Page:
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Photopharmacology is an emerging approach in medicine in which drugs are activated and deactivated with light. The energy of light is used to change for shape and chemical properties of the drug, resulting in different biological activity. This is done to ultimately achieve control when and where drugs are active in a reversible manner, to prevent side effects and exposure to the environment of antibiotics. Switching drugs 'on' and 'off' is achieved by introducing photoswitches such as azobenzene, spiropyran or diarylethene into the drug. By introducing the photoswitch, the drug has two different states between which can be switched with light. Since both states have a different structure, the activity of the drug is different hence the 'on' and 'off' state of the drug[1][2] An example is photostatin, which is an inhibitor that can be switched on and off in vivo, to optically control microtubule dynamics.[3][4]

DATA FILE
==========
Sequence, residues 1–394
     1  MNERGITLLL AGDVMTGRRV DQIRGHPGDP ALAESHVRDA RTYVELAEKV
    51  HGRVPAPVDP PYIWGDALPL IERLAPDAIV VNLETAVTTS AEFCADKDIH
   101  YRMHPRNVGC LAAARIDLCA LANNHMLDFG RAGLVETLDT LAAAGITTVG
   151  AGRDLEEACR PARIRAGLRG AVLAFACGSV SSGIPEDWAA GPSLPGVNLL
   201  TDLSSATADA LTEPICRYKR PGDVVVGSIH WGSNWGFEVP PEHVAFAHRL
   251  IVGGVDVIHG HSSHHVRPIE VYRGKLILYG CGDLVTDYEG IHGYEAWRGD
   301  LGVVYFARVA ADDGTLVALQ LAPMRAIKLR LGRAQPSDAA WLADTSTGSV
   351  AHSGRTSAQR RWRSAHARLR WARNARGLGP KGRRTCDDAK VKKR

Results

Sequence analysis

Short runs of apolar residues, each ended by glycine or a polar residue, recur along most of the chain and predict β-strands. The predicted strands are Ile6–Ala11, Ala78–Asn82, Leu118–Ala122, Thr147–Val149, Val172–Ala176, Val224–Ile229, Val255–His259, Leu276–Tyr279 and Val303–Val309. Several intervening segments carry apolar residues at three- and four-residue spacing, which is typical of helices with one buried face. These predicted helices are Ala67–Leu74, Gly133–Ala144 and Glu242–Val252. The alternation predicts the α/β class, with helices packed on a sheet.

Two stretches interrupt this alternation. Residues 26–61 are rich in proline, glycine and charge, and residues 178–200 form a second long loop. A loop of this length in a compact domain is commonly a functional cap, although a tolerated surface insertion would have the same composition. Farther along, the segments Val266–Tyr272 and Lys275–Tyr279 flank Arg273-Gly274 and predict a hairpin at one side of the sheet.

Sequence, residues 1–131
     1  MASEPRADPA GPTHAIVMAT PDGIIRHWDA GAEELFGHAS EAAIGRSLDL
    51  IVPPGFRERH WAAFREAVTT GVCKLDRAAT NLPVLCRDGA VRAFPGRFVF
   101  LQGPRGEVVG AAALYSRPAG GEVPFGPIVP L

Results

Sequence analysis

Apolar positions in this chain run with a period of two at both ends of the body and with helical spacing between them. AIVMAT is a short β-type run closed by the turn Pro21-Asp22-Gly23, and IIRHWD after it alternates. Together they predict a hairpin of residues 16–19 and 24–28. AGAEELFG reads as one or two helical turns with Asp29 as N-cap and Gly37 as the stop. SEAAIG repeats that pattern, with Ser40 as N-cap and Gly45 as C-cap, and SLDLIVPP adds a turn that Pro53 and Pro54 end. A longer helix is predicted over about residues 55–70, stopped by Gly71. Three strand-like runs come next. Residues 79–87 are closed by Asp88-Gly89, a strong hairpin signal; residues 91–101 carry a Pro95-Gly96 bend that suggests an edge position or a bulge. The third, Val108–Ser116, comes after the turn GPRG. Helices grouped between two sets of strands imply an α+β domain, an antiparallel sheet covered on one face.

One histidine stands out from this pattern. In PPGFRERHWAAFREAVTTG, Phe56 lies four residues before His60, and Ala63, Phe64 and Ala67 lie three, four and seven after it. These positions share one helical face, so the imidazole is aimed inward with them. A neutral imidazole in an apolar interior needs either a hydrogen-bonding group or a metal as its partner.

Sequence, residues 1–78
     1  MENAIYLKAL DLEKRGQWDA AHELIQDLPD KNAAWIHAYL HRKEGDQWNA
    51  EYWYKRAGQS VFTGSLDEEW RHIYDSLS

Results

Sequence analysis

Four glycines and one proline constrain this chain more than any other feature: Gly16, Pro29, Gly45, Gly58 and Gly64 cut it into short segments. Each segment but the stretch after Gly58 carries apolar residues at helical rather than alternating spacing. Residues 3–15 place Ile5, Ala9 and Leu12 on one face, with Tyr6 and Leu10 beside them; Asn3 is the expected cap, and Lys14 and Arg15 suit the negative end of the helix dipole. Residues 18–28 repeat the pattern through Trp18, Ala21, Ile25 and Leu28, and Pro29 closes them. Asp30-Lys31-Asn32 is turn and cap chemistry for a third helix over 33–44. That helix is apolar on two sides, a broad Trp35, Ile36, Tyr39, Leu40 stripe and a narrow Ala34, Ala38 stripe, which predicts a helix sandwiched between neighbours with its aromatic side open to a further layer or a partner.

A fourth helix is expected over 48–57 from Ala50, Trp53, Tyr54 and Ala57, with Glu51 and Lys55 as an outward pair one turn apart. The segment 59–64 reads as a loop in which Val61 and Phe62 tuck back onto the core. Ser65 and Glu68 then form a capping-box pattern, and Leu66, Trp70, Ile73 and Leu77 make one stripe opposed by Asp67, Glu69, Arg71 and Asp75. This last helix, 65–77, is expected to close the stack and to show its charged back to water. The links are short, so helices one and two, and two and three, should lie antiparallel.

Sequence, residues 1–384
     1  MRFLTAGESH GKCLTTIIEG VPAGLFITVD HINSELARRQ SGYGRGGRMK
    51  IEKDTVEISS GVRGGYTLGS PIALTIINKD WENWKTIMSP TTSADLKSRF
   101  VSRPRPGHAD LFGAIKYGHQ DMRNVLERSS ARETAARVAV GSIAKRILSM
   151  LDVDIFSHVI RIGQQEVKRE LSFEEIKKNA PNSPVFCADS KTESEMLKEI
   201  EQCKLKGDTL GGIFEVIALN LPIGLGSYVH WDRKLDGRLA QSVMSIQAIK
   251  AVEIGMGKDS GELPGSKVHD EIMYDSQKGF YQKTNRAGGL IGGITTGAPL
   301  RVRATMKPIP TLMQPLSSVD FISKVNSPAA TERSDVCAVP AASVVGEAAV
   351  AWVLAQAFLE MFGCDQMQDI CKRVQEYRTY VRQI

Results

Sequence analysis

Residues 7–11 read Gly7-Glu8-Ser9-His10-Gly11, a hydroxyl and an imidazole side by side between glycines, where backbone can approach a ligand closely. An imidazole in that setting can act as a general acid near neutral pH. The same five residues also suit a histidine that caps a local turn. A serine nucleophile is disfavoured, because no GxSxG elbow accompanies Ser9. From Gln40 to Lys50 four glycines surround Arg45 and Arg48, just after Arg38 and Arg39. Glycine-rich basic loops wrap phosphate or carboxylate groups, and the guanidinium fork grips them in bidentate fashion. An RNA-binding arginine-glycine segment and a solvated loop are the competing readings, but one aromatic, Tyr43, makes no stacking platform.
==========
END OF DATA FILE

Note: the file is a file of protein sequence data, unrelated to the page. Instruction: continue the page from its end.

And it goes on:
See also


  1. ^ Velema, Willem A.; Szymanski, Wiktor; Feringa, Ben L. (12 February 2014). "Photopharmacology: Beyond Proof of Principle". J. Am. Chem. Soc. 136 (6): 2178–2191. doi:10.1021/ja413063e. PMID 24456115.
  2. ^ Broichhagen, Johannes (2015). "A Roadmap to Success in Photopharmacology". Accounts of Chemical Research. 48 (7): 1947–1960. doi:10.1021/acs.accounts.5b00129. PMID 26103428.
  3. ^ Borowiak, Malgorzata; Nahaboo, Wallis; Reynders, Martin; Nekolla, Katharina; Jalinot, Pierre; Hasserodt, Jens; Rehberg, Markus; Delattre, Marie; Zahler, Stefan (2015-07-16). "Photoswitchable Inhibitors of Microtubule Dynamics Optically Control Mitosis and Cell Death". Cell. 162 (2): 403–411. doi:10.1016/j.cell.2015.06.049. ISSN 0092-8674. PMID 26165941.
  4. ^ "Colourful chemotherapy". The Economist. July 11, 2015. ISSN 0013-0613. Retrieved 2016-05-01.